The Mexican Army of the East (Ejército de Oriente), under the command of Texas-born General Ignacio Zaragoza (1829-1862), the vastly outnumbered and poorly supplied Mexicans fortified the town and prepared for the French assault. General Ignacio Zaragoza, took up positions at the town of Puebla (Puebla de los Angeles). This maneuver blocked the French advance on Mexico City. General Ignacio Zaragoza addressed his troops, telling them, “Your enemies are the first soldiers in the world, but you are the first sons of Mexico. They have come to take your country away from you.” Zaragoza ordered his commanders – Generals Felipe B. Berriozabal, Porfirio Díaz (José de la Cruz Porfirio Díaz Mori), Félix Díaz, Miguel Negrete and Francisco de Lamadrid, to occupy the Cerro de Guadalupe, a ridge of high ground dominating the entrance to Puebla, and the five forts which surrounded the town.

Of the forts, the two most prominent were situated on the Cerro de Guadalupe on either side of the road to Mexico City — the fort of Loretto to the right, and the fortified monastery of Guadalupe to the left. These were the positions that General Count de Lorencez ordered the Corps. After a brief artillery bombardment the French began their assault. Caught in a devastating crossfire from the Mexican troops manning the loopholes of the two forts, the French line faltered and then broke. The soldiers of the Corps Expéditionnaire charged the Mexican positions two more times, but each attack was repulsed by the withering musket fire of the Mexican troops. As the beaten French began their retreat, Mexican General Porfirio Díaz, at the head of a troop of cavalry, attacked them. Though badly shot up, the Corps Expéditionnaire was able to retreat in good order. They spent the evening of Cinco de Mayo waiting for an attack which never came. The next day, they began to withdraw back down the road towards Vera Cruz.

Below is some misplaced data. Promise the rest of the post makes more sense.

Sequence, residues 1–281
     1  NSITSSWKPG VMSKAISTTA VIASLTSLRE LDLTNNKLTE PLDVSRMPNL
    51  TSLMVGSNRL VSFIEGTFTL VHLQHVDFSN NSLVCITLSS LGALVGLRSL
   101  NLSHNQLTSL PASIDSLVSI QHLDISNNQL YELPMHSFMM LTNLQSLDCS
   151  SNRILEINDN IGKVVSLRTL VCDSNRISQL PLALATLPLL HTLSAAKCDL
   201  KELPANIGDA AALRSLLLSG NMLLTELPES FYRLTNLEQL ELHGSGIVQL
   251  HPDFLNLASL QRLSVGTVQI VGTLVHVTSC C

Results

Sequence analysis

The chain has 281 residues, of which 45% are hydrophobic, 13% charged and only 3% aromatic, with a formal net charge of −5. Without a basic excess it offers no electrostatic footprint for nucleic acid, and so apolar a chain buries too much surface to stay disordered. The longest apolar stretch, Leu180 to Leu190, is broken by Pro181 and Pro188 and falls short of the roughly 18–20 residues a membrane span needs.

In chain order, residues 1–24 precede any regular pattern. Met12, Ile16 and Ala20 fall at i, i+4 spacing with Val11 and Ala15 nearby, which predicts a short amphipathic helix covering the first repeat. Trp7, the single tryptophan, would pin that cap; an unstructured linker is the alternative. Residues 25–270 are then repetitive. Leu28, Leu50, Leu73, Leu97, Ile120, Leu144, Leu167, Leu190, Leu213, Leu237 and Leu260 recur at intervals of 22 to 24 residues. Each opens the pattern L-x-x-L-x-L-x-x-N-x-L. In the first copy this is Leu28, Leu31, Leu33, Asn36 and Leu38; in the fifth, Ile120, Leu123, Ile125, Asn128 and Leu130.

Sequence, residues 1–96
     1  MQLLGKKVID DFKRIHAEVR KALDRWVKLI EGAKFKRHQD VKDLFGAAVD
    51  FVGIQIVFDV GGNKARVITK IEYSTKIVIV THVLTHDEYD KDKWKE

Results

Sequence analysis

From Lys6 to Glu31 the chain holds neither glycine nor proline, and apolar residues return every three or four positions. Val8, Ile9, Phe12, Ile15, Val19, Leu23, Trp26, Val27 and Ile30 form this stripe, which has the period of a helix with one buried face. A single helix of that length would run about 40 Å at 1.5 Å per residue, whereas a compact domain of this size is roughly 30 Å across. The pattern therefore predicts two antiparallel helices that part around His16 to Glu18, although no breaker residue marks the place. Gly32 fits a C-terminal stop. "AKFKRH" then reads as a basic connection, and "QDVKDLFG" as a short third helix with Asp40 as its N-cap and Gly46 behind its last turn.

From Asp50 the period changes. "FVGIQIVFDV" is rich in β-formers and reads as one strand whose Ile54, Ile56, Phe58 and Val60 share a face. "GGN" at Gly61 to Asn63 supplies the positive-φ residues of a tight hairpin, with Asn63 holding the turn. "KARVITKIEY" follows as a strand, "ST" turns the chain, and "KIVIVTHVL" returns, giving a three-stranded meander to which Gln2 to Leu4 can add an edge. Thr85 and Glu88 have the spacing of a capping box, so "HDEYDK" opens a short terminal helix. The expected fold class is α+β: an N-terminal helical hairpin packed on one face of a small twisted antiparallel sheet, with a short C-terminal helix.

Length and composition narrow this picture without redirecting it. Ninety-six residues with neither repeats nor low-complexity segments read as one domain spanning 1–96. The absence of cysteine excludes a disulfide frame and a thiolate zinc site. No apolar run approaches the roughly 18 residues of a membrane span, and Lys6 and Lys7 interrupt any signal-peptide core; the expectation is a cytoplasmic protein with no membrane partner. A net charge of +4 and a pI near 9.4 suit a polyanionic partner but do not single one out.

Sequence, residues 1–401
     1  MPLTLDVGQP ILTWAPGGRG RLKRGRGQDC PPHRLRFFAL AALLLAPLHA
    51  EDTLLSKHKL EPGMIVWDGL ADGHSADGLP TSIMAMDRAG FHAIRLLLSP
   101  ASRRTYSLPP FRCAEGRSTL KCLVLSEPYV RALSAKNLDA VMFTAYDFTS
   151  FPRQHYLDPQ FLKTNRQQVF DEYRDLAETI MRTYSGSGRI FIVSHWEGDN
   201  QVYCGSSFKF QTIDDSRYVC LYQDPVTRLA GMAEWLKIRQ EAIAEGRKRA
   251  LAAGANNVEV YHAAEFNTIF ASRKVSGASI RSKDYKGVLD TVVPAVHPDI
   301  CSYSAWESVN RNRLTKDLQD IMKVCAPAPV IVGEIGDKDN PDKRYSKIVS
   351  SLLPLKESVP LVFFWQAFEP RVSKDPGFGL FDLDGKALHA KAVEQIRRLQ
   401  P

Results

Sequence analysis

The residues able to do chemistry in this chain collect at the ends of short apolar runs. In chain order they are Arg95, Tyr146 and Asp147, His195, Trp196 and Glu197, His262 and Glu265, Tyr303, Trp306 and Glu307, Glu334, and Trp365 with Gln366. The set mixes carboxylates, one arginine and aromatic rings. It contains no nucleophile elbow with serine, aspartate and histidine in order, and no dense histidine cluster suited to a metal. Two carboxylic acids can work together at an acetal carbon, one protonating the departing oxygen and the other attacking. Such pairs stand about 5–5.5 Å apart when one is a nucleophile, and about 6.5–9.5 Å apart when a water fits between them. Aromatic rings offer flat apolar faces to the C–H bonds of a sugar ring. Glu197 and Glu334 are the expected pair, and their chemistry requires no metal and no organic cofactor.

When word of the defeat reached Napoleon III, he replaced General Count de Lorencez as commander of the Corps Expéditionnaire with General Elias Frederic Forey, and sent 30,000 troops as reinforcements. The French reaction did little to lessen the shock of the defeat in Europe, and particularly in France. The Mexican Army had proved itself capable of standing up to a first-class European army, and defeating it. The victory of the Cinco de Mayo at Puebla is still celebrated today.

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NIELSEN REPORTS THAT ENGAGING THE HISPANIC MARKET IS AN IMPERATIVE FOR FUTURE SUCCESS: THIS MEANS YEAR ROUND NOT JUST ON CINCO DE MAYO

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THE HISPANIC BLOG IS THE LATEST HISPANIC NEWS BY JESSICA MARIE GUTIERREZ

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Cinco de Mayo is around the corner, and some brands are leveraging the holiday to roll out special promotions and discounts. (For example, Tyson Foods, Tabasco brand and Jose Cuervo’s nonalcoholic margarita mix have teamed up on a “Fiesta of Flavor” retail savings promotion.)
While I love the idea of engaging consumers around special events like holidays (and this Fiesta of Flavor campaigns seems like an innovative, multi-channel winner), I also want to add a few words of caution. If you’re a brand that wants to be more relevant to Hispanics (and you should be), it’s time to start thinking beyond Cinco de Mayo alone. These days, Hispanic marketing campaigns need to be comprehensive, consistent and year-round.
Why do you need to start focusing on the Hispanic market? A recent Nielsen report doesn’t mince words. From State of the Hispanic Consumer: The Hispanic Market Imperative: